It was our second anniversary, and we were headed down a certain freeway that I now avoid with a superstitious dread.  The man in the green Nissan to my right decided to change lanes very quickly and without warning, which would have been tolerable if not for the fact that I was already in that space.  There’s this annoying principle of matter that says that no two objects can occupy the same space at the same time, which is why I reacted very quickly to save my car from certain destruction.  Unfortunately, there’s also a physical constant called a friction coefficient, which does not change no matter how fast a person’s reflexes are.  I avoided colliding with the reckless driver, but my car went into a fishtail, as the road beneath me seemed to turn into a well-greased slab of slightly melted ice.  It’s funny, really, how static friction is so much stronger than kinetic friction.  Once the car skids, the tires glide across the asphalt with amazing ease.  The next thing I knew, I was staring straight at the concrete divider.  I steered hard away from it, but I had to stomp on the gas to make the car move in the other direction again.  Merely turning the wheel wasn’t cutting it.  Then I was facing the other way, and I had to turn the wheel and hit the gas to get it back again.  Back and forth, and back and forth again, the car slid one way and then the next, and there seemed to be no getting it straight again.  When the blood was coursing through my veins with an adrenaline high like three pots of coffee, I felt like I was living life at two-hundred miles per hour.  Actually, that’s the speed of a nerve impulse, so I really was living at two-hundred, but I digress.  At least I was able to get the car into a predictable oscillation.  That, alone, was a small comfort.  Still, getting the tires to stop squealing and getting the car to move in a straight line again would have been nice.  I was surprised at exactly how much care was required to shrink the back and forth motion to a slight veering.  A little less gas each time and a gentler steering got it to a point where it was barely moving back and forth at all.  In fact, if the tires had not been skidding, my path of travel would have been perfectly normal.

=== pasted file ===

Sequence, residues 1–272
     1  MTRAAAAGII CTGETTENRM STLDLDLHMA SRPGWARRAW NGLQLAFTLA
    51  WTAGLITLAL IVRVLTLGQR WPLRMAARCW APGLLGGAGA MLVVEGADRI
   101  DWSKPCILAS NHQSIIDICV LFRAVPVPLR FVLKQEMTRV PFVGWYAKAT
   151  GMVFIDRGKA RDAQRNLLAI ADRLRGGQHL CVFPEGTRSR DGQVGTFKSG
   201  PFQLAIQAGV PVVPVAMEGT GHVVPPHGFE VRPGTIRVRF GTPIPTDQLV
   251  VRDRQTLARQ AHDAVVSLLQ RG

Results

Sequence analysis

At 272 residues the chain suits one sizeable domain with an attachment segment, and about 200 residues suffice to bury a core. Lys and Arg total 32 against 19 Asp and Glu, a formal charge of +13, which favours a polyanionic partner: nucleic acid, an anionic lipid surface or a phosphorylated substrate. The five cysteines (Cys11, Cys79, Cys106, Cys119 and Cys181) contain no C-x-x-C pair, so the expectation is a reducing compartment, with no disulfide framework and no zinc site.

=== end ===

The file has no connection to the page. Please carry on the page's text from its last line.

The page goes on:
But the tires were still skidding.  I could not simply return to normal driving, or I would end up crunched like an empty soda can against the concrete wall.  Fighting the great back and forth movements was scary, but the battle was an easy one to fight.  Once the car was basically going straight, I found myself wondering what I was going to do next.  For the longest time, I was driving straight down the road with squealing tires that had about as much grip on the road as melted butter.  I was going straight, but only if I concentrated on it.  This was the hardest part, because I began to seriously consider whether the car would ever regain traction again.  It seemed to take forever, with no progress, and I was exhausted and shaking.